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Saturday, April 25, 2015

Snacking on Shingju in Manipur

When the keekar trees began to give way to the date palm and the banana groves, I knew we were heading East. This was my first-ever 34-hour-long train journey - from Delhi to Guwahati, where I had planned to spend a night at M's, and then fly onwards to Imphal for a holiday. When I finally reached Guwahati, I was whisked away by my lovely hosts M and R. Needless to say, after a night in the train at the mercy of the Indian Railways' service, I was in much need of a shower and a drink. Luckily, I got both! We then headed out to Khorikha, an excellent, excellent, must-go-to restaurant right in the heart of the city. I wish I had photographed the lavish spread we had ordered, but I was much too engrossed in catching up with M and the others! Anyhow, we tucked in crispy fried fish and chicken in sesame sauce, along with rice and an assortment of delicious local vegetarian dishes. 

The next morning, and a short flight onwards, I was finally at Imphal: for my second visit to the beautiful state of Manipur. For a lot of people, Imphal is a vague far off hill station in the Northeast of India - disturbed and unsafe. But, for a second time visitor, I can firmly state that it is none of the above. While it is true that bad governance and insurgency has changed it for the worse, but despite the inconveniences, it is certainly worth a visit or more. Luckily for me, this trip turned out to be pretty unique – no overlaps whatsoever with my last visit to the state, except of course multiple visits to the local bazaar! 


For a city girl like me, my most intimate connections to rural India had been confined to the sights of the countryside while travelling on train or on long-distance buses. They had never been the final stop. March 2015 changed all that. L and I visited Siden village, and spend three glorious days soaking in all its rustic charm. As I write today, I am running out of words to describe the warm-hearted people of modest means whom I met, and their spotlessly clean mud huts and paddy fields. I am reminded of the lazy afternoon that L and I spent lying on a patch of dry hay watching the cows graze while we snacked on salted sunflower seeds. The cattle all had wooden bells round their necks that make a sort of woody clickety-clack sound as they moved about. There was a very young, but inquisitive calf that made its way close to us, peering at us in a rather incredulous manner. I tried reaching out, but mommy-cow didn’t quite appreciate my rather forward gesture. I quietly backed out fearing being butted out of the field! 


Bobby's pups
Then, there were those adorable puppies, Bobby’s pups, as we found out later. They would come out to play and when tired promptly run back to the cowshed where amidst the hay, wood, and old knick-knacks, they had made a seemingly comfortable home for themselves. They were all white and fluffy like little panda bear cubs.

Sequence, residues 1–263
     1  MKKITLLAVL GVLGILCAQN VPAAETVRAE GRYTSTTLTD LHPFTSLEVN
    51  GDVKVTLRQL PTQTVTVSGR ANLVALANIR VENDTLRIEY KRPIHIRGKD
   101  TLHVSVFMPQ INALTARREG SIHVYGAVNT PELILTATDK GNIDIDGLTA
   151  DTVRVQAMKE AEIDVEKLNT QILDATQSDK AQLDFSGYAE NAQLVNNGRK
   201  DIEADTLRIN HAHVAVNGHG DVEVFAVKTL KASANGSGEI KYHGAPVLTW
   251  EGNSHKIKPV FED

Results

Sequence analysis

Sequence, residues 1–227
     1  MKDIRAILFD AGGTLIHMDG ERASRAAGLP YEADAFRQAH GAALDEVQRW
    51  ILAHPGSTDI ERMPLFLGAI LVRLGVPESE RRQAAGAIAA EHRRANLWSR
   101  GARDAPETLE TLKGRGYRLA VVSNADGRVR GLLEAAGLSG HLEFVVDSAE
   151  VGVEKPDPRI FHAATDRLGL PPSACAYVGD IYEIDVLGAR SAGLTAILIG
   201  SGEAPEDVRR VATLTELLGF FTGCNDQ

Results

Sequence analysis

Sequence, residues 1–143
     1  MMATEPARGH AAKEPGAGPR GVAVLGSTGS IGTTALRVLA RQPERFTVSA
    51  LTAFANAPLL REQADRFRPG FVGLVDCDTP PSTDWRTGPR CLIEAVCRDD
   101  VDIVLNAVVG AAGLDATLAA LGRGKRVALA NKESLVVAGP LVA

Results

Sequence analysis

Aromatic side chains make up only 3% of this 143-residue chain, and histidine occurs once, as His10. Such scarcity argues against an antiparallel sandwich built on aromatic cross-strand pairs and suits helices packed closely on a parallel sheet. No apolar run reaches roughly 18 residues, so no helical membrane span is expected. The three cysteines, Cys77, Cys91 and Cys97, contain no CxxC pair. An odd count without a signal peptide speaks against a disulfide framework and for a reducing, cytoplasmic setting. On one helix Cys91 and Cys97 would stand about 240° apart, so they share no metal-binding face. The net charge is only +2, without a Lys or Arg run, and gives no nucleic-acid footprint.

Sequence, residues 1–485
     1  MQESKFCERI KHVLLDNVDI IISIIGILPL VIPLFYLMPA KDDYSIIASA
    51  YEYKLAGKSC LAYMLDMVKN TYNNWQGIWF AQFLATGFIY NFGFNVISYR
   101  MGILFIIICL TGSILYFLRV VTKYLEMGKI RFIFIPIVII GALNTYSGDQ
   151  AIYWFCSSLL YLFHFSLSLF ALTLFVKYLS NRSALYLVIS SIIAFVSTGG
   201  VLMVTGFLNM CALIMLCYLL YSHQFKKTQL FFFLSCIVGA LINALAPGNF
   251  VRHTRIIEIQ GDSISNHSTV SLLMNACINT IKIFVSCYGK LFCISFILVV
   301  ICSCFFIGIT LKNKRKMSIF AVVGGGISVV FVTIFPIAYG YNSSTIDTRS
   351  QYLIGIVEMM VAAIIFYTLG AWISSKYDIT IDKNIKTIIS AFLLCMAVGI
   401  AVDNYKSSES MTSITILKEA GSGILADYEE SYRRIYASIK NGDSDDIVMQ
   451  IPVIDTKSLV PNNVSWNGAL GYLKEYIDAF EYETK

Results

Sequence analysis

Kelkot: a Thadou term for a gate
For our meals we had fish or country chicken, along with sticky rice and very spicy chutneys. I had to give up on the chutney, owing to my limited capacity for very hot food, but L relished every last morsel, dipping his finger in the red-hot goodness with every bite. Life was slow and easy (at least for us). It started early with the rising of the sun and ended with round of chit-chat after dinner. The ten odd days we were in Manipur, L and I visited a number of beautiful spots around the city (my favourite being Loktak Lake and Khuga Dam). Needless to say, while on the road, I tried out the robust local cuisines as much as I could. Ima Keithel, the bustling women's market in Imphal is a food paradise: a must-visit for anyone who is interested in local produce. We tried out a range of traditional Meitei sweets made using jaggery, rice puffs, sesame, and so on. On one end were the fish mongers selling all kinds of fish - fermented, dried, fresh, or alive (!) and at the other there were exotic fruits and fresh greens of all shapes and sizes. The city of Imphal is home to large number of people belonging to different ethnic sensibilities, each offering a slice of their gastronomic cultures. A little away from Paona Bazaar that hosts Ima Keithel was the Tribal Market, where we found a host of ingredients used by the Kuki and Naga tribes of the state. Here, I found the most exciting range of dried mushrooms, which I purchased in hoards! 

L's granny
Kids playing










But in all our travels across the state, in 2010 and 2015, there is one local preparation I found all over the state. This is the omnipresent Shingju! But each time I tried it, it tasted different, it is like one of those eternally malleable recipes - prepared a little differently by every cook and at every household or corner stall. My favourite version was the one L and I tried outside the Imphal War Cemetery. 


Shingju at a roadside stall at Imphal, Manipur

Shingju


What you need*

Cabbage, a small one, chopped
1/3 onion, chopped
1/4 carrot, shredded
1 tomato, chopped
4 green chillies, chopped (alternately sun-dried raja mirchi pound to a pulp)
2 tbsp Shi seeds, roasted and ground to a powder
1 tsp, roasted chana, whole or ground to a powder
Salt to taste.

Mix all ingredients together.


*Ngari, or fermented fish, is a common ingredient added to this dish. Also, aithanglou, which is the root of a plant is also often added. Shingju is generally very hot and pungent, but I adapted it to better suit my taste buds, and others around me.

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